Texas women fall half point short of NCAA Indoor Title, men finish 20th


Entering the NCAA Indoor Track and Field Championships ranked fifth in the nation, the Longhorn women knew capturing the top spot would take an extraordinary team effort.

At the 4x400-meter relay, the final event of the weekend, the Longhorns hold a once-improbable title within reach. Texas already held the national-record time in the event. All it needed was a victory to best No. 1 Georgia to claim the national championship.

Senior sprinter Briana Nelson, sophomore sprinter Courtney Okolo, freshman sprinter Kendall Baisden and junior sprinter Ashley Spencer ran the event in an NCAA-record time of 3:27.42, but the Oregon Ducks stole the national title with a .02-second advantage at 3:27.40.

“The goal was to come away with a team trophy,” head coach Mario Sategna said in a statement. “But to be second and to get the program on track a little bit is a step in the right direction.”

En route to Texas’ second-place performance, sophomore pole-vaulter Kaitlin Petrillose recorded a collegiate indoor record vault of 15 feet, 1 inch. Senior jumper Shanay Briscoe followed with fifth place in the high jump, clearing 6.5 feet for her fifth First Team All-American honor.

In the 400-meter finals, three Texas runners placed in the same event for just the second time in team history: Spencer (2), Okolo (4) and Baisden (5).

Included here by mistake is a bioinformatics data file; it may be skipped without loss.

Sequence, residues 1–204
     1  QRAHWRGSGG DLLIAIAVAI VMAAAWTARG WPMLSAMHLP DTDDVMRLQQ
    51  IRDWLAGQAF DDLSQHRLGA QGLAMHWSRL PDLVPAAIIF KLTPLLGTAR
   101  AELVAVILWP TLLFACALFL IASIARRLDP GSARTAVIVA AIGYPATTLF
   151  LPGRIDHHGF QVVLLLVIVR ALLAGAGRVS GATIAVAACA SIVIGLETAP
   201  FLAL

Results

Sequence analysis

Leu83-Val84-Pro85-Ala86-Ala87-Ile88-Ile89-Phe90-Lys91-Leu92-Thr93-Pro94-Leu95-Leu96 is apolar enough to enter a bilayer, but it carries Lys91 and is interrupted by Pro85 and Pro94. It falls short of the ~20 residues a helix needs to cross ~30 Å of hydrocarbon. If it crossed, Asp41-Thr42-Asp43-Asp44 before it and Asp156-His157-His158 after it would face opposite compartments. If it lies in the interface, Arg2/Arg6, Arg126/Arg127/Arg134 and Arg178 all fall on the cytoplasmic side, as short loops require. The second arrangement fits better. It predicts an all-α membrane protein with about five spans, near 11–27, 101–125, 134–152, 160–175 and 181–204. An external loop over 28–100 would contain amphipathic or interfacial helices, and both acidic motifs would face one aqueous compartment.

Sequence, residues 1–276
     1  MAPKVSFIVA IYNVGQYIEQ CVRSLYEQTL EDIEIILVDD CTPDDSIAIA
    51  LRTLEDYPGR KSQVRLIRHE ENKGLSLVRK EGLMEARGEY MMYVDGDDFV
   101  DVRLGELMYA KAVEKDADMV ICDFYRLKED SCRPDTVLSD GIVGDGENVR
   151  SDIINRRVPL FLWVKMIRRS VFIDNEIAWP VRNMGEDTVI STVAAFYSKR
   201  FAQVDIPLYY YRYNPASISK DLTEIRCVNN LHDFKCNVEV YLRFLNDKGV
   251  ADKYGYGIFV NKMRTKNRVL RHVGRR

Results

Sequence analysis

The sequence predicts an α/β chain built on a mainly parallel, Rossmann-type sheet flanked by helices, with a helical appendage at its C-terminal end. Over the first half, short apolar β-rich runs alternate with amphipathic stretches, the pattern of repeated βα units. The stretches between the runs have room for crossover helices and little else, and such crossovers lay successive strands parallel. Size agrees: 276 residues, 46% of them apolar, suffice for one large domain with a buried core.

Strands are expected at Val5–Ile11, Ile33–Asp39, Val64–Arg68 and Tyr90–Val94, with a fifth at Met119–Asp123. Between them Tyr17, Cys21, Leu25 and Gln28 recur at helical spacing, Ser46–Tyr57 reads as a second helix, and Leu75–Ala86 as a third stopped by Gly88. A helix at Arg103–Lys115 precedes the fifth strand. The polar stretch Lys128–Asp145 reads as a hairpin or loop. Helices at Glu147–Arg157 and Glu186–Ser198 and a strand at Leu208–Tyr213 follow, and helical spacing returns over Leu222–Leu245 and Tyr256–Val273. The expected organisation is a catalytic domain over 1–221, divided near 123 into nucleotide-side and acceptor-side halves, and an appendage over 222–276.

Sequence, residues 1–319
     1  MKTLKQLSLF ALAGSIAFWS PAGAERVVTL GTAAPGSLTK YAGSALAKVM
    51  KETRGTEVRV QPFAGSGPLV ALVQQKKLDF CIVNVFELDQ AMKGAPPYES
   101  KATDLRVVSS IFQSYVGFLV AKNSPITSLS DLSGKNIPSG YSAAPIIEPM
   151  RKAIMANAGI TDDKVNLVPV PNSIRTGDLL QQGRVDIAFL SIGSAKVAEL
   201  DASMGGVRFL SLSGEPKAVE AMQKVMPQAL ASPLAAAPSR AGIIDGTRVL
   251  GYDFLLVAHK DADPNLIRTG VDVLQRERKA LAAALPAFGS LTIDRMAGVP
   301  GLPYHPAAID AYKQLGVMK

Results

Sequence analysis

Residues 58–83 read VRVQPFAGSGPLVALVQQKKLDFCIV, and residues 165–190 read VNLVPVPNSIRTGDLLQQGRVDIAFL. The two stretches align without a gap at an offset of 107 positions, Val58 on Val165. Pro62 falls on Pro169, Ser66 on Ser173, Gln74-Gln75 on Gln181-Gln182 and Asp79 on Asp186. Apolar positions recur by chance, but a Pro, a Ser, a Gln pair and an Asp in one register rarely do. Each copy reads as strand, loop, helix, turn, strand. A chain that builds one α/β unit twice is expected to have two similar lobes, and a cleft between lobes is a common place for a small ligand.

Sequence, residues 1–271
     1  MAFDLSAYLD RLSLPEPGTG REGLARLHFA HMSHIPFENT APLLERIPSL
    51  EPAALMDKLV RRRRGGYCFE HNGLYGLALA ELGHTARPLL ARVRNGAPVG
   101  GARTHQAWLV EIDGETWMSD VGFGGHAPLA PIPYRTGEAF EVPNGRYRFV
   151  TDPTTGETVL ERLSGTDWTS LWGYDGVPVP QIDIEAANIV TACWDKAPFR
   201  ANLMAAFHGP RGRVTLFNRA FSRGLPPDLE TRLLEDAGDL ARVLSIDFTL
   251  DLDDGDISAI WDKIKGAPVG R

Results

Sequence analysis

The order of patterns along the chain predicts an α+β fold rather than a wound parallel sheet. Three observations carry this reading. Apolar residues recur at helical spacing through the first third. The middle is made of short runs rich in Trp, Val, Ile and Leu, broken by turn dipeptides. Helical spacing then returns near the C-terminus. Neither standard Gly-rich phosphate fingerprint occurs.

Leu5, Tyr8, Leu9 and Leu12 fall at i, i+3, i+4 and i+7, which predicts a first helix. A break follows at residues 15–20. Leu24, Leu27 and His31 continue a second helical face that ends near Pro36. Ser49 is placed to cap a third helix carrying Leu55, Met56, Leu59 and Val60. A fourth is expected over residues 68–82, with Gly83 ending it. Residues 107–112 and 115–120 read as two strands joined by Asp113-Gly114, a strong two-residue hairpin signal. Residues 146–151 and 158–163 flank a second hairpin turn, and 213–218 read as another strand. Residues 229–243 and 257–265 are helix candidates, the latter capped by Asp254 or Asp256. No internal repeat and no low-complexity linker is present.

Entering at No. 25, the Longhorn men finished the meet 20th with a team score of 11 points.

Sophomore shot-putter Ryan Crouser, who won the event with a throw of 69 feet, 7 inches, grabbed 10 of those points as he eclipsed the next-best mark by nearly 4 feet. Each of Crouser’s five legal throws landed far enough to win the individual title.

“That was the best series by far that I’ve ever had,” Crouser said in a statement. “Across the board, this was the best meet I’ve ever had.”

Sophomore sprinter Zack Bilderback contributed Texas’ remaining point and earned his first All-American honor with an eighth place finish in the 400 meters with a time of 47.63 seconds.

The outdoor season begins Saturday.